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I'm Not Mobile, I'm Desk-Challenged

Sixty years ago, a lot of people were on party lines that shared a phone connection with a half-dozen others. You dialed four-digit numbers and if you wanted to call out of area you had to get an operator to literally patch you through. I flew once with a woman whose grandmother had been the operator who placed the first transcontinental phone call made in the US. But even though you talked on an antique black phone in those days, telephony was pretty much what it is now.Advances in communication and collaboration all come up against this basic truth; what we had 60 or more years ago is good enough for all practical purposes. Technology can't change the market absent some benefit for it to exploit, some change for it to address. So it is with enterprises and "mobility." Collaboration and UC both rely on this notion of the increasingly mobile worker, the person who then has to be empowered from that Great Somewhere Out There. More UC/UCC depends on more mobility.

We're not getting it from traditional sources. Only 15% of workers today exercise their information technology and communications resources from remote locations with any regularity, and that's about the same number that did so 15 years ago. It's true that we're using more applications from remote locations, but when the surge of enterprise email growth topped out in 2001, we actually flattened out on per-employee remote empowerment.

Don't look for every worker to be dragging around netbooks or tablets in the future, either. I modeled the rate of technology empowerment based on my usual 277-enterprise survey results. Today, only 48% of workers have any information technology component to their jobs. Guess how many will have one in 2015? Only 49%. You don't pump gas, change tires, or flip burgers with collaborative technology.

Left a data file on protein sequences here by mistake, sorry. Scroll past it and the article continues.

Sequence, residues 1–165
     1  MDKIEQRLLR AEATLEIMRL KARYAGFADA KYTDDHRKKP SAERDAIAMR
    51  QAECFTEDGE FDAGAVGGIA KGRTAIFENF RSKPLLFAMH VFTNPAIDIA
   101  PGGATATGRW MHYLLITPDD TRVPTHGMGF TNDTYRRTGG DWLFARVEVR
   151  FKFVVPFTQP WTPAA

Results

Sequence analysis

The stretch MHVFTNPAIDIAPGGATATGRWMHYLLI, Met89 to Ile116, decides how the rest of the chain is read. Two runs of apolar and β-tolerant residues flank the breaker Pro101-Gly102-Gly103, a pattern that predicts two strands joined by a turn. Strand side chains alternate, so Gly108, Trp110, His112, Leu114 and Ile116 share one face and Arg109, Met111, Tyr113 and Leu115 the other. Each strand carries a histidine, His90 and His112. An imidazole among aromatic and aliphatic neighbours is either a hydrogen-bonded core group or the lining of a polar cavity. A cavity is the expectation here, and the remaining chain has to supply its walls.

So is all of this mobility and empowerment stuff hype? Actually, it's not. We're just getting it all wrong. The "mobile worker" that will drive communications and collaboration isn't somebody who's jaunting across the country and living out of a suitcase. It's somebody who left their desk to get a drink of water, or stopped in at another cubicle or office on the way back from lunch. It's not the "mobile" user who will drive change, it's the "desktop-challenged" user.

Right now, only a third of workers are directly empowered with technology by their company-meaning they have a company-provided computing/communications technology set. By 2015 that number will rise to 41%. Today, the third of workers who are directly empowered use their technology 4.8 hours of each day on the average; by 2015 that will increase to 6.1 hours per day.

There's a lot of meaning behind these dry numbers. A worker who is committed to using technology 6.1 hours per day is linked into a cooperative work behavior set by that technology, a behavior set that supports the "teams" of workers that are typically behind every business activity. The real mission of communications and collaboration in the future is to support these teams, which means connecting these workers. That connecting is more difficult because of three factors.